Hence, this brings me to the next point of dysfunctional families, an issue that is one of the many causes behind youth problems. Ms Adilah from THK FSC mentioned that most of the clients who came forward only to seek for financial help that is the most common presenting issues. However, there are many other underlying issues hidden beneath it of a dysfunctional family. So I think it is vital to build good rapport with clients and show that we believe in them; only with a good relationship will the client trusts the social worker. Therefore, all social workers must be persevering as some clients might not shall their problems all at one go. Following the previous point, many social workers might have instances where clients do not listen or heed on the advices suggested by them. The visits again emphasized on social work’s limelight term, client’s self-determination. Essentially, I believe a social worker’s roles are to uncover client’s strengths and tap on it. They should not focus too much on the mistakes made or weakness but place importance on looking out for the strengths. Additionally, according to SASW (2004), social worker’s role is also to provide all information needed for clients to make an informed decision and to take note of affirming client’s right to self-determination (p.3). I think social workers are empowering their clients through respecting the clients’ abilities, make their own decisions and work their way out of the problems. Social workers are not just spoon-feeding them but are guiding the clients and making them change agent of their own life.

Based on the experiences shared by various social workers, there are many challenges social workers would go through that might affect the service provided. An example would be, countertransference, when social worker’s unconscious emotions or feelings towards the client might seep through and interfere on how he or she deal with certain problems. Even though countertransference is inevitable, I think social workers should acknowledge and point out these problems to their supervisors or colleagues to take in advices in managing these matters. Subsequently, Mr Lau pointed on self-care for social workers. Initially, I was apprehensive and frequently questioned myself on this career prospect when several peers and educators warned me on the long working hours and stressfulness. But, similar to what many have said, social workers are not super heroes; long hours in the long term do more harm than benefits. Hence, I believe if an individual practices self-care through work-life balance and good time management, it will reduce the unnecessary compassion fatigue and burnout. With self-care comes better job performance, so this would not only benefit them but the clients as well.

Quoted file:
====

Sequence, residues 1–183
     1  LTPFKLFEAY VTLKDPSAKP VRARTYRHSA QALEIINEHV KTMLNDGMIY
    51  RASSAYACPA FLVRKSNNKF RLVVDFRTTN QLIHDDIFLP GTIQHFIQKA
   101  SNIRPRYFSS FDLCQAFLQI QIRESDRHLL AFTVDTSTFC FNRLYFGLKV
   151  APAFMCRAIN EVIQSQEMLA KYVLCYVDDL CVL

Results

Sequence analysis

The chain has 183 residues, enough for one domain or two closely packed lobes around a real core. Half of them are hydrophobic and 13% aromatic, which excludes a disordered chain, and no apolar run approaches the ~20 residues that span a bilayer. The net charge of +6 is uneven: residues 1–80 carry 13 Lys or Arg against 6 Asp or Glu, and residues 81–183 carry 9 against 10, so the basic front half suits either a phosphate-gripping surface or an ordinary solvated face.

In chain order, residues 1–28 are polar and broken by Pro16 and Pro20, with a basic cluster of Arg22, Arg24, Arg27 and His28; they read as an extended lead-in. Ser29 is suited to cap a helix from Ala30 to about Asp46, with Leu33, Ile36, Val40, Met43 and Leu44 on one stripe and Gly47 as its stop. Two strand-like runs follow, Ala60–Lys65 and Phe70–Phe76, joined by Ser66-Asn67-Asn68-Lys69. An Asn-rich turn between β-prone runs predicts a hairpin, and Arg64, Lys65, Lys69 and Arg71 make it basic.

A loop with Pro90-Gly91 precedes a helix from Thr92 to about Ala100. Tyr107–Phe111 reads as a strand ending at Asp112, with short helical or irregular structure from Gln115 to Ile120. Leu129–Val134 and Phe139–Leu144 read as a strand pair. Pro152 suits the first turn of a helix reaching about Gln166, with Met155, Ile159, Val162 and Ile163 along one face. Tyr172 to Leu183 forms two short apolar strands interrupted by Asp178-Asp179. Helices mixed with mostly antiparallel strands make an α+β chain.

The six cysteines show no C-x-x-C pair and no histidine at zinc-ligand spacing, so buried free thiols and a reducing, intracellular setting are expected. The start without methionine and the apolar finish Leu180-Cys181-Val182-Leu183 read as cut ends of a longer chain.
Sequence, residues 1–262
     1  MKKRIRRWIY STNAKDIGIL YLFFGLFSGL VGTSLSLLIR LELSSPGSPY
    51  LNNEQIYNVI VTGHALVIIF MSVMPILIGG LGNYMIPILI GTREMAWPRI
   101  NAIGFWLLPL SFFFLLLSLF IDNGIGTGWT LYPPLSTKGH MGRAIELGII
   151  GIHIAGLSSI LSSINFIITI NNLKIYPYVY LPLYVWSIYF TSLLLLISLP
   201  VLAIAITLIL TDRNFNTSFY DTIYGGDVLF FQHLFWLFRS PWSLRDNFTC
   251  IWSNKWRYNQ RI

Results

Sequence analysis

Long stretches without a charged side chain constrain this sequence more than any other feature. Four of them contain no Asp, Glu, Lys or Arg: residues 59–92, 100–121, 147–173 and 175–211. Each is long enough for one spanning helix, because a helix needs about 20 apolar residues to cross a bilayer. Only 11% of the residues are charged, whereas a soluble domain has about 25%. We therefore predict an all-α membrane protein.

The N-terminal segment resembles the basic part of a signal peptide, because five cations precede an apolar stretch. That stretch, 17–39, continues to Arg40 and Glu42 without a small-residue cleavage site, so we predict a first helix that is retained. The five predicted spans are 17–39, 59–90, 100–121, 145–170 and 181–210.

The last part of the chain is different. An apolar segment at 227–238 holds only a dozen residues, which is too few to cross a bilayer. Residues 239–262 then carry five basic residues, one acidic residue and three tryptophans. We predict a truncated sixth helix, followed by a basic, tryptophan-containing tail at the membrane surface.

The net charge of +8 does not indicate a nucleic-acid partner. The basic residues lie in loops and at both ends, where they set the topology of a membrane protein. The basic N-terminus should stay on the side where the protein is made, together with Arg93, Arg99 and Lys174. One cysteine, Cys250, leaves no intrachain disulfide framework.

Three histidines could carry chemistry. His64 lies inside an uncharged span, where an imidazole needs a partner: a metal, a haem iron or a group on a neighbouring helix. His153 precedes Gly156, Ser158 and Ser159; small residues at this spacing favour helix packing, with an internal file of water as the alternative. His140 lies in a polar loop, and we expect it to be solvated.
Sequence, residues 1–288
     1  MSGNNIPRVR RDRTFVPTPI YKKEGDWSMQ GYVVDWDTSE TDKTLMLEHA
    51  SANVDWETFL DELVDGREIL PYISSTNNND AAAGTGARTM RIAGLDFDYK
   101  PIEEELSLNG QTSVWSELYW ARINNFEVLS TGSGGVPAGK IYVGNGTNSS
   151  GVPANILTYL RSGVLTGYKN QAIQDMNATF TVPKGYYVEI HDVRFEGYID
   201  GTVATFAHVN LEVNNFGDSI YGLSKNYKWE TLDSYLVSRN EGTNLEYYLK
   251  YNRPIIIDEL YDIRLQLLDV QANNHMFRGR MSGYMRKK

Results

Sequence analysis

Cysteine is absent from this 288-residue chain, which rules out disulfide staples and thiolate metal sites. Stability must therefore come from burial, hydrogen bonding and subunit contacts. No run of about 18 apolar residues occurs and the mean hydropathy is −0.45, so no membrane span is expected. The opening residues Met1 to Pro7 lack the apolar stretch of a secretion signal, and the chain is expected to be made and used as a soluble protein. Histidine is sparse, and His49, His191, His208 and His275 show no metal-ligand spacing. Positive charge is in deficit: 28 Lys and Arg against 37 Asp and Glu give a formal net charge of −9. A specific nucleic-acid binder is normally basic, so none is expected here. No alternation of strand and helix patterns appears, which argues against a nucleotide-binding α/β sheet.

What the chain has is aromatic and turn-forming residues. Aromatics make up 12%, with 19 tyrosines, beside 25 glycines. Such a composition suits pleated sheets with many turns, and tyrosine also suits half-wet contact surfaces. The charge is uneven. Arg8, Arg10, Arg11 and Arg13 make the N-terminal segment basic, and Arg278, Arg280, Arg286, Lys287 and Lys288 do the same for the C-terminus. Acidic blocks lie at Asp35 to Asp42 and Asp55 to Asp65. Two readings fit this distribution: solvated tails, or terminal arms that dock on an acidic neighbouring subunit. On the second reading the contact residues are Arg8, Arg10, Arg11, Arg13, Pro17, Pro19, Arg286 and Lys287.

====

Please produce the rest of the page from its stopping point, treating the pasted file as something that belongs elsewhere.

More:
For me, the most significant part during the two visits was being inspired by the social workers and counselors’ drive that kept them going in this field despite the heap of challenges. Social workers will get extremely drained at times but the fulfillment of bringing positive changes to someone else’s life overpowered the weariness. I would not mind exchanging days of exhaustion in exchange for a brighter future for my clients. Next, they also underlined the fact that there was empowerment through empowering their clients. I was really enthused by this line, as I believe that social workers do have a lot to learn from their clients at times. For instance, the clients’ strengths and willpower could be the ‘push’ to the social worker’s back, to keep them going in their career.

On the whole, this visits really fuelled my decision to pursue social work as a career. The reason being that I am even more aware of the gaps present in the social service sector tackling youth issues. Thus, this made me even more driven to be the change agent of this problem after gaining insights on how to be an effective social worker through the professional ethics and self-care importance. I really hope to be part of the profession to witness and help those little diamonds in the rough to see the silver lining and reach their maximum personal potential to gleam.

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An Analysis of the Overall Status of Social Workers in Singapore. (2018, October 26). GradesFixer. Retrieved May 22, 2022, from https://gradesfixer.com/free-essay-examples/an-analysis-of-the-overall-status-of-social-workers-in-singapore/
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An Analysis of the Overall Status of Social Workers in Singapore [Internet]. GradesFixer. 2018 Oct 26 [cited 2022 May 22]. Available from: https://gradesfixer.com/free-essay-examples/an-analysis-of-the-overall-status-of-social-workers-in-singapore/